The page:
So what was the solution? Well, the solution was a master lease with options, so you take the Park under your wings at a certain amount of month, it can be a percent, it can be a flat face, whatever you negotiate with no rules on them and then you had the point to buy it, let's say three years into the future, five years into the future at a certain set price. So, why is this construction work? Because you're not owning it on the frontend, so you don't have to come out of pocket with big down payments, big capex. Typically, in these deals, what you're providing is your strategic mind, your sweat equity in trying to make this thing work.

How do you normally make them work? Well, you can't do anything big on the dollar side because it's not yours and you don't want to spend any big money on something that you don't own, so normally you're going to be raising the rents, you're going to be cutting the cost typically replacing the manager, maybe there's a big old water leak in there that you can fix for not a whole lot of money. That would be another item you can do, but you can't go filling lots because to fill lots is very capital intensive bringing in homes and things like that.

So the master lease option route again, it's very risky. How is it risky? Well, the Park you're buying right off the bat while your master leasing is already performing totally or they wouldn't do it with you to begin with, but then you always have the risk where Mom and Pop actually come to the closing table and close on it after you've done all the work to fix it. One of the deals became happily, the other one not so happily. We had to threat and sue, but again, those are two routes if you are a buyer who has not a lot of capital, but want to buy a Park, but again, I emphasize both are high risk.

Is there any way to mitigate the risk? No. Only in your selection of property, that's the only way you'll mitigate it, so doing really good due diligence helps, picking a property that has a good location where it's worth the effort helps, but a lot of times, it's basically in some ways kind of just gambling with your time, so you can put it all together. Now, you're already mitigating to some degree that risk because it is zero-doubt non-recourse situation, you can give it back to the to the seller and he can't do anything about it. So at Glen Haven what gave me the confidence was I could always give it back to the owner who's carrying the paper and lose my $10,000, but that was a whole lot better than me buying it and then potentially losing $400,000.

On the master lease with option, you've mitigated because you haven't actually come out of pocket yet or done anything where you actually have any real money at stake. You don't really have any skin in the game. The only skin of the game is your time. Well, you'll be straining to lose your time, but let's be honest, we all lose time on all kinds of endeavors that don't work or never had a purpose anyway. How much time do you spend during the year watching football or playing a video game or walking? So, losing your time is not the worst case scenario.

Now, what are your low risk options if you don't have a lot of capital? Well, there's basically two. Number one, doing contract assignment. So, what is a contract assignment? You tie a Park up on an end or a times contract that instead of you buying it, you assign it to somebody who wants to buy them to pay you a fee. In our industry, a typical assignment fee ranges from about 5% to 10%, but that's not set in stone. It could be lower, it could be higher based on the quality of the deal and at the end of the day, how much you're asking for it with the purchase price and the assignment fee, by putting them together.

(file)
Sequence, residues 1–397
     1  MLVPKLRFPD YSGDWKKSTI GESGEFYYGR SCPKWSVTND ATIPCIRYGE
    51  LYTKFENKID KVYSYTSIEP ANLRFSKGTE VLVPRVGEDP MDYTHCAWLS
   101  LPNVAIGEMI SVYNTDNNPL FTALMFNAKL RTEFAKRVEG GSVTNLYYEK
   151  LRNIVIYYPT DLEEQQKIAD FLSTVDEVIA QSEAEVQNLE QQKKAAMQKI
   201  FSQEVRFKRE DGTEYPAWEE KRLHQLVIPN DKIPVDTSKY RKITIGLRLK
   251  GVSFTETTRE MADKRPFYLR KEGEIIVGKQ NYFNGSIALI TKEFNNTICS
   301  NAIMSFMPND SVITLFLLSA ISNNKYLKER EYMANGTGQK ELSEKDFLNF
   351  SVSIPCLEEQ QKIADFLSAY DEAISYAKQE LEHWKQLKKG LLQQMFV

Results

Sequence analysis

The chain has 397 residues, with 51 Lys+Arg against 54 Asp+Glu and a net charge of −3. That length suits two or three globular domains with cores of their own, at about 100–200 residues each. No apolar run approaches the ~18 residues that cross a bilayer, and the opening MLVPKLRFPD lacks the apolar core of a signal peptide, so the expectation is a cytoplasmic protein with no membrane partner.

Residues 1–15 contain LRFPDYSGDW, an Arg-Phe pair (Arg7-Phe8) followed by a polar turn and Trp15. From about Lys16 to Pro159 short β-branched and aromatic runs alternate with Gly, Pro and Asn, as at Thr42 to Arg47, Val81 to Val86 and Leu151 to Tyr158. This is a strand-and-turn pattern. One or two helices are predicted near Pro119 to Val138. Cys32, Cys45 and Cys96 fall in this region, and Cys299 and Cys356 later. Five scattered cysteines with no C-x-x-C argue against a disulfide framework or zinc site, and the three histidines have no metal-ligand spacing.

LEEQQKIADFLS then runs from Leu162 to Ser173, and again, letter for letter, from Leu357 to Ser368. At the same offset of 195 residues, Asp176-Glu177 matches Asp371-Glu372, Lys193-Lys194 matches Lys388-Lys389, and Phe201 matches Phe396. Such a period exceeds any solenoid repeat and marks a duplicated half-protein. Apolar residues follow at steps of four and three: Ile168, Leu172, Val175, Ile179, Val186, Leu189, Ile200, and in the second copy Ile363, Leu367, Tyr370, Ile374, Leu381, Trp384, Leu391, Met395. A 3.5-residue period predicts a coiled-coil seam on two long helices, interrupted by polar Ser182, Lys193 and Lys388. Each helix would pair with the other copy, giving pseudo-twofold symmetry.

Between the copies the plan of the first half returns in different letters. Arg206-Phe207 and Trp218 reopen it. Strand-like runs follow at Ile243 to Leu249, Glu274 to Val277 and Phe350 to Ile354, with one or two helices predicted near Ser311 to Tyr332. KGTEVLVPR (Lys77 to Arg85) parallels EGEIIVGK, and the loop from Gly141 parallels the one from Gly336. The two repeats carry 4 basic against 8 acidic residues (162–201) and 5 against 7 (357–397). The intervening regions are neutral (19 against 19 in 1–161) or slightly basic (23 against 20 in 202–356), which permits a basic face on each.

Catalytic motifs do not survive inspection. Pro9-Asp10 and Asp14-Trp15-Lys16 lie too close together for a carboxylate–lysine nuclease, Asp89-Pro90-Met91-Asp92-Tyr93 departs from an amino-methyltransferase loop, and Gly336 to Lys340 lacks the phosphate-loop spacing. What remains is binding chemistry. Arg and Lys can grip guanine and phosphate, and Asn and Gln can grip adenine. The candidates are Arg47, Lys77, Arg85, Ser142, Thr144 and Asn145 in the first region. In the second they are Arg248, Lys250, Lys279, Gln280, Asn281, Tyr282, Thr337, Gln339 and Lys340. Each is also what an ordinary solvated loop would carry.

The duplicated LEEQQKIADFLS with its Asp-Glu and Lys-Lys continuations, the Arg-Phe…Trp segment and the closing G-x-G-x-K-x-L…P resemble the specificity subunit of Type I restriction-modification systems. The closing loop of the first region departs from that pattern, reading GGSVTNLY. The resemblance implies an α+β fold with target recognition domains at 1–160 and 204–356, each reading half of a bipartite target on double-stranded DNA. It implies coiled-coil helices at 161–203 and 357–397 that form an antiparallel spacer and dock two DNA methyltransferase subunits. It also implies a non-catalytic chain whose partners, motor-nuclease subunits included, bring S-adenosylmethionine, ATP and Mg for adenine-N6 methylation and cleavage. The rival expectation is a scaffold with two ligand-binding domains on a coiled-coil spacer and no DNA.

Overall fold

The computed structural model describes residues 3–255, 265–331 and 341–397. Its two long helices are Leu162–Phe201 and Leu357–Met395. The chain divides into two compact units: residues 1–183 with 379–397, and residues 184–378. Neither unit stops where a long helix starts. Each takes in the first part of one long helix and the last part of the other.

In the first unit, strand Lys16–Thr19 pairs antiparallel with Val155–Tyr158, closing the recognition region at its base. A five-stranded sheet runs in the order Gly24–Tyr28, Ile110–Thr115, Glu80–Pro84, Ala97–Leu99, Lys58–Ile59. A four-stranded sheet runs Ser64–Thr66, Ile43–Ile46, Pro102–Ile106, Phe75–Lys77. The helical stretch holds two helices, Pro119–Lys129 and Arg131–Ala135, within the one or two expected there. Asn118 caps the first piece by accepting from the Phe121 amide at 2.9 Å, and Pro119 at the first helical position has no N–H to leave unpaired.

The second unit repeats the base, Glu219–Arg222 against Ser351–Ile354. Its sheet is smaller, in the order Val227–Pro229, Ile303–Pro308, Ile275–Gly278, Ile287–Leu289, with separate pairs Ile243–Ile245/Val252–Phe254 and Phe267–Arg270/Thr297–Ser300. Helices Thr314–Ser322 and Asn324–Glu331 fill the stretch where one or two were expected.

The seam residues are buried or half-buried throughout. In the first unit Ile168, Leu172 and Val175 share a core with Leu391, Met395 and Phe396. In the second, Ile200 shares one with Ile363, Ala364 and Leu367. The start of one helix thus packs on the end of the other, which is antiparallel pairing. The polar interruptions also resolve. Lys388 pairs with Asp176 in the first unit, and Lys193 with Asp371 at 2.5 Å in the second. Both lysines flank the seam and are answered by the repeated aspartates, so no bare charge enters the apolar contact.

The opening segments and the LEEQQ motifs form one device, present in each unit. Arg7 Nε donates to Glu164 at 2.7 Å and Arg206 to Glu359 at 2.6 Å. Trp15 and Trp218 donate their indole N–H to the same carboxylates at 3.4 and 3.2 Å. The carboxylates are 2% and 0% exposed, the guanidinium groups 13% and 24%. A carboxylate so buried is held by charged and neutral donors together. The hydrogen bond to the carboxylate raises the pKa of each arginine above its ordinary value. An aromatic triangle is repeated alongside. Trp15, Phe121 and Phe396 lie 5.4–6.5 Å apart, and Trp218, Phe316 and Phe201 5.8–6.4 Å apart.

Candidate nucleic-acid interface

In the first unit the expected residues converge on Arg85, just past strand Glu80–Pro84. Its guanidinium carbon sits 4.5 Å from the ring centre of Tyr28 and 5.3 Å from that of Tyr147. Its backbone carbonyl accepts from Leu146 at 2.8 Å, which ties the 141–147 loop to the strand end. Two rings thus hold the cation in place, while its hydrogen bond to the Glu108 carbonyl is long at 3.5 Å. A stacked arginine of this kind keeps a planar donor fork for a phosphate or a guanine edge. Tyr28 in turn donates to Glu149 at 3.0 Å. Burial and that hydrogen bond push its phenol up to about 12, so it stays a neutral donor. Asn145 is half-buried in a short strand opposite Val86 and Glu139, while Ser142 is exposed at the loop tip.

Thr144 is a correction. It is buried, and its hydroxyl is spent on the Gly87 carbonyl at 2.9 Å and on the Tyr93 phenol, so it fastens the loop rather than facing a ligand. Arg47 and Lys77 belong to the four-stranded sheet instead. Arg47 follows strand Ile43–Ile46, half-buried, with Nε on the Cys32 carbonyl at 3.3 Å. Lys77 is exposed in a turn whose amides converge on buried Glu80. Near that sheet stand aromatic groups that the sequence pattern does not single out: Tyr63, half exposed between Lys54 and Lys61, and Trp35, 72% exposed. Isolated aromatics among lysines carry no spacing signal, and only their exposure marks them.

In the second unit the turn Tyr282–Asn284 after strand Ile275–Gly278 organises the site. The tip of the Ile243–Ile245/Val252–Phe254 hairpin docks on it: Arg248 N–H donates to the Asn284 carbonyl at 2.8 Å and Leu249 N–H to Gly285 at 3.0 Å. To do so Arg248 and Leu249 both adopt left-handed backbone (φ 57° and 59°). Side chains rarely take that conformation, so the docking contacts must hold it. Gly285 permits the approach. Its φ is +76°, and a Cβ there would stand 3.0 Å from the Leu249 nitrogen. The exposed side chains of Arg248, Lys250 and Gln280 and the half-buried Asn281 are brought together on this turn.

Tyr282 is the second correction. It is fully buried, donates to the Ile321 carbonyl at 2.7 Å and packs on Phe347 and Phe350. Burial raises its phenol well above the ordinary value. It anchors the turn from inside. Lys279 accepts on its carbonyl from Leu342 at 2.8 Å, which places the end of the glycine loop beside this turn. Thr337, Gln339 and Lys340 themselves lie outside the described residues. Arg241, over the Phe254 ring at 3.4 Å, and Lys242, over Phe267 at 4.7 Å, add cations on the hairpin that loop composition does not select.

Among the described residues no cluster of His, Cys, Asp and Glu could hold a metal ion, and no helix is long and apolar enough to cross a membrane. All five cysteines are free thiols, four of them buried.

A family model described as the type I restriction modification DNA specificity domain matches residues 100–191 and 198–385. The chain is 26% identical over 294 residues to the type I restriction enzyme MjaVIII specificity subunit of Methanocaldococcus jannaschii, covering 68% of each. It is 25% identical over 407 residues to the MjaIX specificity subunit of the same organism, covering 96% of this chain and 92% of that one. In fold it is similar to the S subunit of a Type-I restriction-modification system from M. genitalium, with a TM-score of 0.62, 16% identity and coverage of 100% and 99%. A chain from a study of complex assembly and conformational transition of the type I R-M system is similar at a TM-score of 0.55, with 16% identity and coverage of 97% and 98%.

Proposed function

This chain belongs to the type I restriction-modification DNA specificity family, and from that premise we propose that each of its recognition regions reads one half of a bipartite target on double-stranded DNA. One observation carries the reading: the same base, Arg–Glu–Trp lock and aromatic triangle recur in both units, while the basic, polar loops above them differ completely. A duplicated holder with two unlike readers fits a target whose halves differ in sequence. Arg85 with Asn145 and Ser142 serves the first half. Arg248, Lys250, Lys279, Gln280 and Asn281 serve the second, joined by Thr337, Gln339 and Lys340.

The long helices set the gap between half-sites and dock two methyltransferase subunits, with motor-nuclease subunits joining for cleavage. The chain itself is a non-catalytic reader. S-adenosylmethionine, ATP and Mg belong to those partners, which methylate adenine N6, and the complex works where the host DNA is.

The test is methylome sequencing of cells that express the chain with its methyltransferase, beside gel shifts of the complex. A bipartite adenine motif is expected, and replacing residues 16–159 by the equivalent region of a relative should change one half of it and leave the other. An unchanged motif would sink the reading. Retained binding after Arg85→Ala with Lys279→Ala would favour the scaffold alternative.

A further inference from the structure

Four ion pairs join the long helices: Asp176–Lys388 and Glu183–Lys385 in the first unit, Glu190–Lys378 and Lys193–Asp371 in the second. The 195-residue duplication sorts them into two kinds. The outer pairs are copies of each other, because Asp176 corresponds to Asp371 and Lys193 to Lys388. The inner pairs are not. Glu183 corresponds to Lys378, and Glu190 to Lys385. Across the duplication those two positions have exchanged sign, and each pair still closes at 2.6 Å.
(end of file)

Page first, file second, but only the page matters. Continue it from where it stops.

But the contract assignment is one method people have used for a long time now when they're trying to start up with low amounts of capital to create capital without a whole lot of exposure. I mean, you don't really have any exposure at all in the contract assignments. You sign the contract, the person who you assign it to they replace your earnest money, so now your earnest money is no longer at stake, right? So basically, if they walk and don't close it, you didn't lose anything, but once again your time.

Now the other option would be to find a capital partner because there's a lot of people out there who have capital, but they don't want to actually actively have to go find deals or manage them. So, another option to totally change your playing field if you don't have a lot of capital and reduce your risk, you need to find somebody to front the capital. Now, where do you find a capital partner? You can find them anywhere. It could be a family member, someone from work, someone from your church, someone from whatever hobby you have to be could be a neighbor, but you'd be shocked how many people out there are very unhappy with their other investments and how those are performing and they're looking for somebody who would actually want to go out there and find the Park and run a Park that they'll all happily put up the capital to do that.

Let's go to another type of buyer and that is the Park for the buyer who has lots of capital. So now, you're not capital constrained, you have the ability to put big down payments down and so on and so forth, so now, how does that work? Well, you have now two options. If you were trying to buy the Park and you have very little capital, both your options are high risk. Now, again, because of how you identify risk, not super high risk, you don't have a lot of skin in the game, but you're having to buy Parks that are much more rough and tumble and your low risk options if you have very little capital basically contracts assignments and finding a capital partner.